Planning Authority defies ERA on Kalanka owner’s relocation of Nissen hut

Relocation of Nissen hut to Kalanka hotel area was ‘unacceptable’ according to the Environment and Resources Authority

The Planning Authority has approved the relocation of a massive 230-square metre Nissen hut to the pristine Kalanka area in Delimara, which was deemed unacceptable by the Environment and Resources Authority, the PA's planning directorate and the Superintendence for Cultural Heritage.

The development, which covers a footprint of 1,000 sq.m area, also includes a chicken coop for the Maltese black chicken and an apiary.

The PA's planning commission, chaired by Elizabeth Ellul, approved the development after noting the agricultural nature of the development in an area committed for such development.

The proposal was made by Kenneth Abela, who in 2018 was granted a permit to reconstruct the nearby Kalanka hotel. Abela’s plans in the area include the reintroduction of the Maltese goat to its natural environs.

But the application was also recommended for refusal by the case officer assessing the application, who concluded that it would have an adverse impact on an Area of High Landscape Value which has been included in the tentative list for inscription as a UNESCO World Heritage Site.

The Environment and Resources Authority was also opposing Kenneth Abela’s plan to relocate the Nissen hut from the Handaq Junior Lyceum, to house a goat farm.

The ERA questioned the logic of relocating the structure from a “low-sensitivity area” in Qormi to “a highly sensitive environment” in Delimara. “ERA is of the opinion that such a relocation should not take place, and this structure should be located within a similarly low-sensitivity area.”

Originally, the reconstruction of the Handaq school in 2010 had foreseen the relocation of the Nissen huts to a rabbit farm in Marsaskala and the Malta International Airport. The hut is currently stored.

The Delimara hotel includes a farm for some 100 goats and a pen to house some 200 Maltese black chicken, to span over a 1,000 sq.m footprint, including outside areas, on a total 19,000 sq.m site. The area is designated as an Area of Ecological Importance, and lies adjacent to typical coastal garigue habitats.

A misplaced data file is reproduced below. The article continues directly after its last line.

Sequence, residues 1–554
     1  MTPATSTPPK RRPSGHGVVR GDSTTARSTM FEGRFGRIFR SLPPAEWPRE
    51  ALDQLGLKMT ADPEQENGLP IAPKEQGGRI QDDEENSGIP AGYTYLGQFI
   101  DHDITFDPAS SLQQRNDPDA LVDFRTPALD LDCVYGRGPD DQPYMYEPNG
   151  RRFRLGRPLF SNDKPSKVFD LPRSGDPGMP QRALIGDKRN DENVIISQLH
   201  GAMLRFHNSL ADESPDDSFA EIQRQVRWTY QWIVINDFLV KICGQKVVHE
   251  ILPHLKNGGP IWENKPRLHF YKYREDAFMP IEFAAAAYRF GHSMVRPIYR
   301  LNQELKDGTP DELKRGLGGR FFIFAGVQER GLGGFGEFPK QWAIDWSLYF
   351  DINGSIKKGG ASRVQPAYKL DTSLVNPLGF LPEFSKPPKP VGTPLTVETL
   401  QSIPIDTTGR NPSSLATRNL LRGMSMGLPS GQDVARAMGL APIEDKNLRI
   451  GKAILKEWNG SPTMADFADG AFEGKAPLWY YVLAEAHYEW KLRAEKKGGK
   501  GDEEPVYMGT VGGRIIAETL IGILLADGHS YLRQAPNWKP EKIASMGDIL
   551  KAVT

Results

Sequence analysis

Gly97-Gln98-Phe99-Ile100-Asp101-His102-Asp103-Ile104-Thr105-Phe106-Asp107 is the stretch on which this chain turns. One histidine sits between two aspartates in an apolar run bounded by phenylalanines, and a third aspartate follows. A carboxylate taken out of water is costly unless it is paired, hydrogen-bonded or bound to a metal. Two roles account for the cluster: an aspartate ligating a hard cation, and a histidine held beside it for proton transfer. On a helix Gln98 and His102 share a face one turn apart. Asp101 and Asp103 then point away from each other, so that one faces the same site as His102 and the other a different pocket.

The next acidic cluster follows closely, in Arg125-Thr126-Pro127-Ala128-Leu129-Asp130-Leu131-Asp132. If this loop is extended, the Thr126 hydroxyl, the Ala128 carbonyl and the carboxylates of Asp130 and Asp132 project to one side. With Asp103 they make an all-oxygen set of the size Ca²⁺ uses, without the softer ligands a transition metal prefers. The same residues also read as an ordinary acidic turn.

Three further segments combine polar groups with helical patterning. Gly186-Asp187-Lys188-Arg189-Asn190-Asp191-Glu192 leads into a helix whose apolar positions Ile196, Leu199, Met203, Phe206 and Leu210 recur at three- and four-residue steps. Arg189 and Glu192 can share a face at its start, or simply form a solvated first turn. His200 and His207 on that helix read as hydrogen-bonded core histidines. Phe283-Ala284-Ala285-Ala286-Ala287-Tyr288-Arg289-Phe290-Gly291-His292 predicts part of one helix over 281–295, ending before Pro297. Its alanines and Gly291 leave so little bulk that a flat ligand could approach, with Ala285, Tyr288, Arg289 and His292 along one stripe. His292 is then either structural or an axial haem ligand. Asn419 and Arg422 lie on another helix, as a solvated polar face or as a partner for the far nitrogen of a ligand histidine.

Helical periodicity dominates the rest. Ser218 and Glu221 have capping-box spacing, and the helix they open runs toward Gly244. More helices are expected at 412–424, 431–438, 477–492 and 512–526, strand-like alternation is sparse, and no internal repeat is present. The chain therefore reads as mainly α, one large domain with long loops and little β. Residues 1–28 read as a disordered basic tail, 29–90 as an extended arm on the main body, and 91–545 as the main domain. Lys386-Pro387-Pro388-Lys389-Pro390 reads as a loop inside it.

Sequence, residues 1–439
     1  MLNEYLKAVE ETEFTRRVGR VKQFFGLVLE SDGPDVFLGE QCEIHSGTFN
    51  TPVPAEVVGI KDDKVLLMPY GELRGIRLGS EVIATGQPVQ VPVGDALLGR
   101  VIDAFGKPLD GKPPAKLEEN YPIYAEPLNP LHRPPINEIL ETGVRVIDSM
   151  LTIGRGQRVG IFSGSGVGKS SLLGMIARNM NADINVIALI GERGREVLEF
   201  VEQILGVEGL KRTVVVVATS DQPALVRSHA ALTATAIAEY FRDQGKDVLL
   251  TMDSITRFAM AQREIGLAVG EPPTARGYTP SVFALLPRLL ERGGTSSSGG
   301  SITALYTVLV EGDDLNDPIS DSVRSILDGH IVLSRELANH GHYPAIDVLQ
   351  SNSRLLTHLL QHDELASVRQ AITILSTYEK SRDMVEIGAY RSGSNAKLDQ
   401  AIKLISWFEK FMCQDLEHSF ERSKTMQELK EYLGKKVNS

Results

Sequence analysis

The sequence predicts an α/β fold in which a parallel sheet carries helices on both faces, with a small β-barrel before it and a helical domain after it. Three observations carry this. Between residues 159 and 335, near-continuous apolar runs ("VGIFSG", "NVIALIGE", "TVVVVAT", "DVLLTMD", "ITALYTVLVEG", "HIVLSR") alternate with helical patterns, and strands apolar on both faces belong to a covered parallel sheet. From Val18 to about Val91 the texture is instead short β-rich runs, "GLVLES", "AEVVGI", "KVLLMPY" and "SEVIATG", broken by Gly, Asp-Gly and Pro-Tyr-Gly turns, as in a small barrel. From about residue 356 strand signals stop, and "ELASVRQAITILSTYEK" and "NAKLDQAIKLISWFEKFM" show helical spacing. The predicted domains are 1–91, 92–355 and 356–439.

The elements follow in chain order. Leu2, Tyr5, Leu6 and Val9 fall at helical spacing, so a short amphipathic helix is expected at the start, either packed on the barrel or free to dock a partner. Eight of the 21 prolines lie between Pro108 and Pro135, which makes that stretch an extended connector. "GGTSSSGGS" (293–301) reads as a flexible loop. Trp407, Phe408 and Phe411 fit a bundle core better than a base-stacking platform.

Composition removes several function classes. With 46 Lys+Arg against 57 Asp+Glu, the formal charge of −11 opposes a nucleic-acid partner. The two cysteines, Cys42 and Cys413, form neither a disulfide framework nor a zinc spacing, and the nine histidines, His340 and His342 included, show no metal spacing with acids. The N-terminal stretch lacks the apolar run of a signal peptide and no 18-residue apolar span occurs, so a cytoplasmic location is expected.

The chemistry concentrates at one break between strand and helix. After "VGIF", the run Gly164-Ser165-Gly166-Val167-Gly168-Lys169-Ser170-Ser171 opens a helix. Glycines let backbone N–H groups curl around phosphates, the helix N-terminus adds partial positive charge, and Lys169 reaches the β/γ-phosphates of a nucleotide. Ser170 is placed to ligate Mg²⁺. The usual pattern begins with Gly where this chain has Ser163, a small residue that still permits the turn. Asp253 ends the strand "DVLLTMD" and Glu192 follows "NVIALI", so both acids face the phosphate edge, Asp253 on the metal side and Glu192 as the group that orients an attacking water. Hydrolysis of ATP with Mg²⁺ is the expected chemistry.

The ERA was concerned with piecemeal development of the site, noting that the derelict hotel adjacent to Abela’s proposed goat farm will result in “a significant alteration to the sensitive site environment.”

“Various proposals on these, practically contiguous, sites risk the piecemeal establishment of a large-scale ODZ development commitment,” the ERA said.

The proposed farm will produce organic milk, cheeselets, and eggs, and will include ancillary structures such as a manure clamp and cesspit.

The Planning Authority has already sanctioned various rural structures previously used by bird trappers, a brand new agricultural store, and greenhouses over 735sq.m – but against the advice of the ERA’s warning of the Delimara hotel’s “piecemeal approach”. The permit specified that 41 trees would be grown to minimise the visual impact of this development.

Abela has always insisted his project would transform a no-go area previously frequented by hunters and trappers, into a useful and innovative project. “They had houses built upon this land area including swimming pools, massive bird apiaries, big ponds to attract wading birds and a lot of bird hides and traps along the coast… The rural character and land features, like rubble walls and proper agricultural were covered with inert material and other waste to create flatland to cater for their bird trapping sites,” Abela said in his project statement.

After regaining possession of this land in 2015 he embarked on developing a “farm estate” by reintroducing soil, removing the bird hides and restoring rubble walls. His aim now is to grow food without the use of “chemicals, herbicides, pesticides or growth hormones”.

He also obtained all the necessary permits from the Veterinary Regulation Directorate to import the goats form Italy where the Maltese breed had survived after its disappearance from the island after the discovery of Brucellosis in goats’ milk.

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